CAPE CANAVERAL, Fla. — NASA has ordered up a series of urgent spacewalks to fix a broken cooling line at the International Space Station.
Station managers decided Tuesday to send two American astronauts out as soon as possible to replace a pump with a bad valve. It is a major job that will require three spacewalks — Saturday, Monday, and next Wednesday on Christmas Day.
‘‘The next week will be busy with spacewalks so not much tweeting from here,” NASA astronaut Rick Mastracchio tweeted from space soon after the decision was announced.
The spacewalks are taking priority over the launch of a supply ship from Virginia. The commercial delivery had been scheduled for this week, but is delayed until at least mid-January.
Astronauts have ventured outside of their spaceship on Dec. 25 only once, back in 1973 during Skylab, America’s first space station. Shuttle astronauts finished a series of spacewalks on the Hubble Space Telescope on Christmas Eve 1999.
The cooling system is critical for dispelling heat generated by equipment onboard the International Space Station.
Half of the station’s cooling system shut down last Wednesday, forcing the six-man crew to turn off all nonessential equipment, including some science experiments. Because of the valve failure, one of the two cooling lines became too cold.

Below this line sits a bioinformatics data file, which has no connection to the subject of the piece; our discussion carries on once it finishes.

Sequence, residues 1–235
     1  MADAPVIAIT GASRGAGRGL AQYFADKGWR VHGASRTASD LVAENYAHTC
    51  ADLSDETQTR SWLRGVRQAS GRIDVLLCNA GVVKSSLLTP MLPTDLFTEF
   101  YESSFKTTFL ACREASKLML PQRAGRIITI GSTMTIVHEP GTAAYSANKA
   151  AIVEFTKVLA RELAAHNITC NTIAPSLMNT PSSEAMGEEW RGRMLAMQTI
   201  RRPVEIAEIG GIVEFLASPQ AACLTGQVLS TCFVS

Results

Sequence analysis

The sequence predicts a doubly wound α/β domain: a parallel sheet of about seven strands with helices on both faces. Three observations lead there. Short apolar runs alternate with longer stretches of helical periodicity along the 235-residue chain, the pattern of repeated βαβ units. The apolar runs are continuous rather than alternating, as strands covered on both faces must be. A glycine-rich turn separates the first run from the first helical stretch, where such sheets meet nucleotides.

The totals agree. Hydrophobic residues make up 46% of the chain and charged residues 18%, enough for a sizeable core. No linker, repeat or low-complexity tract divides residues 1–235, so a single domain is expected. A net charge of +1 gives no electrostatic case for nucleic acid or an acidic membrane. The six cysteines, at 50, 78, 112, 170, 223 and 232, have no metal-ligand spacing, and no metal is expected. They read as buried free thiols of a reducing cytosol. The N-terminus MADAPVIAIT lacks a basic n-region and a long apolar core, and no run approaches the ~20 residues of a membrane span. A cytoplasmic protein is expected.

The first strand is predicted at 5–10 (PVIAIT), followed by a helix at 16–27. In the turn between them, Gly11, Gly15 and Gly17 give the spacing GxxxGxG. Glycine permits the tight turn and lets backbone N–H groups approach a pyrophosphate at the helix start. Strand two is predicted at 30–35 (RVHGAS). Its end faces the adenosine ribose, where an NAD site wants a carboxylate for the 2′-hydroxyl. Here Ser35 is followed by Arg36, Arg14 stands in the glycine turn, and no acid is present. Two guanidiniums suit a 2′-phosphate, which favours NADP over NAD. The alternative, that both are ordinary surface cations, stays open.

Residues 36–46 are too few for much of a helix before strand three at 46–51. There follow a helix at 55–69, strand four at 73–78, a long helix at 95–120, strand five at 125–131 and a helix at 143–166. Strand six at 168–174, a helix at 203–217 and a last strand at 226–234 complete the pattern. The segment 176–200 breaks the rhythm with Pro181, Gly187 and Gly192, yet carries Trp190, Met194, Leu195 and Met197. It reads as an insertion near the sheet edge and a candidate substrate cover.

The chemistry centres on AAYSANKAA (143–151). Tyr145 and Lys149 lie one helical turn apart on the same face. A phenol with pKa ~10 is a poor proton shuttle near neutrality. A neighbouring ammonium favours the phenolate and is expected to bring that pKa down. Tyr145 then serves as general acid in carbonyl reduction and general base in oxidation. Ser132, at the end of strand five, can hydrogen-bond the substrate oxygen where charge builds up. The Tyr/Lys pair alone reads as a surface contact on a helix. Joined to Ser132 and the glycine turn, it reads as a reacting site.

The space station cooling system, which runs ammonia through the lines, is critical for dispelling heat generated by on-board equipment.
While the astronauts are safe and comfortable, NASA wants the system back to full strength, in case of another failure that could leave the orbiting outpost more vulnerable.
Flight controllers tried in vain to fix the valve remotely, then came up with a plan to use another valve to regulate the temperature.
Some success was reported, and for a while, engineers thought the space station could limp along with the short-term solution. But on Tuesday, managers opted for spacewalks right now.
This is the same pump that was replaced by a pair of spacewalking astronauts in 2010. Three spacewalks were needed then.
Mastracchio and astronaut Michael Hopkins trained for just such a repair before rocketing into orbit. They have been preparing all week, in case of such a decision.
Orbital Sciences Corp., meanwhile, will stand down from its planned Thursday night launch of its Cygnus cargo ship from Wallops Island, Va.
The station crew includes three Russians and one Japanese, aside from the two Americans.
NASA said Mastracchio and Hopkins will remove the pump with the failed valve and replace it with a spare stored on an external storage platform. Each of the three spacewalks is scheduled to begin at 7:10 a.m. and last 6½ hours.